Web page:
Competitions

There’s a huge world of competitions and festivals out there. They run throughout the year, every year and include many different types of video and moving image. There are competitions in 2D and 3D animation, documentary, drama and shorts, regional, national and international. Information on them is usually sent to educational institutions, so keep your eyes on noticeboards and on the Internet for information.

Many competitions are run by large media companies such as Sony, JVC and Nokia and can offer big prizes while others are run by non-profit organizations. You don’t have to win but it’s nice when you do. To be a national winner is a great boost to your confidence and looks brilliant in your portfolio and on your CV. Even if you don’t win, entering a couple of competitions per year is important and can still go on your CV. Remember, entering competitions does not always necessitate producing new work, sometimes existing work can be used or adapted.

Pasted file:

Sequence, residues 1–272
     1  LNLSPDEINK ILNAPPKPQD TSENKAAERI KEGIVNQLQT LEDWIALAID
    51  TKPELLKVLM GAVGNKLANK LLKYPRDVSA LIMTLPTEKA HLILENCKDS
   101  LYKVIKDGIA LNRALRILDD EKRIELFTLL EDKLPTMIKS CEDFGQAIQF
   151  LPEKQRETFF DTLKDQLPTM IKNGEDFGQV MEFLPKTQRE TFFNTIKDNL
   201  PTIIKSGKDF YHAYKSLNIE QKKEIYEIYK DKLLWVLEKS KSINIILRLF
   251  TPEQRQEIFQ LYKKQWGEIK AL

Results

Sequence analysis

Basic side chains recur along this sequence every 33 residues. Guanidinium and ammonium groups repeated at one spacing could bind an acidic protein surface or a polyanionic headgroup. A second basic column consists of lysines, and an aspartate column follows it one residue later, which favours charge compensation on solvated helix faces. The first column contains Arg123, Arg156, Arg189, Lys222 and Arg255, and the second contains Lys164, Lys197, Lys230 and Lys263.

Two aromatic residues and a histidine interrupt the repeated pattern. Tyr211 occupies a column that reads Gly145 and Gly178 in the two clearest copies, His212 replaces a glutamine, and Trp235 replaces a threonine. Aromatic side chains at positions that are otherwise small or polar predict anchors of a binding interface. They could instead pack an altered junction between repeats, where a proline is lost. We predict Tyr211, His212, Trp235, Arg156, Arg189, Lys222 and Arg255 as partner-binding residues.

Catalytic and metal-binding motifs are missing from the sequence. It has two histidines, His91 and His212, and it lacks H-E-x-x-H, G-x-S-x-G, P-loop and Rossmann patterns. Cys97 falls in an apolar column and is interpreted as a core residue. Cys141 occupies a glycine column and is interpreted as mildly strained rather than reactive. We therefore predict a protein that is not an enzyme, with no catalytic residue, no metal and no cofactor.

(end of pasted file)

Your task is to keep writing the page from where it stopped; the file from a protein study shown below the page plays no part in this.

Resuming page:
Festivals

The Cannes Film Festival is sometimes attended students just like you. It is the crème de la crème of film festivals and is the ultimate means of getting your stuff out there. It isn’t just big budget films that are represented, but lots of independents. If your work is not yet at a high enough quality to enter through the official channels, or is outside what they are looking for, save it as a dream for future years. Alternatively, if you are passionate about your work, do something slightly different: one year a guy made his own mini-cinema, complete with plasma screen, projector and two cinema seats, in the back of his VW camper van and drove up and down the main festival road inviting people in to view his film. Although his audience was minute, he was there!